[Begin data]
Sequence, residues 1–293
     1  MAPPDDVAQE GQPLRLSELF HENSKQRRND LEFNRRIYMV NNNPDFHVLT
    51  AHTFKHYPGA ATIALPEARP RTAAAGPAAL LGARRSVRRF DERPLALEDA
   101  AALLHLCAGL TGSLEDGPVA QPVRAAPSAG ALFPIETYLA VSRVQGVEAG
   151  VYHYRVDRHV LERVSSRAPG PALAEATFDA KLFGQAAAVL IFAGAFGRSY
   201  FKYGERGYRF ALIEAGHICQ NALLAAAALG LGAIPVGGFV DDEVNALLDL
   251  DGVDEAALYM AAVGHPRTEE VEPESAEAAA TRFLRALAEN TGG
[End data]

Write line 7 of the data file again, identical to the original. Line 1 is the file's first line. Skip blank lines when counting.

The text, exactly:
   251  DGVDEAALYM AAVGHPRTEE VEPESAEAAA TRFLRALAEN TGG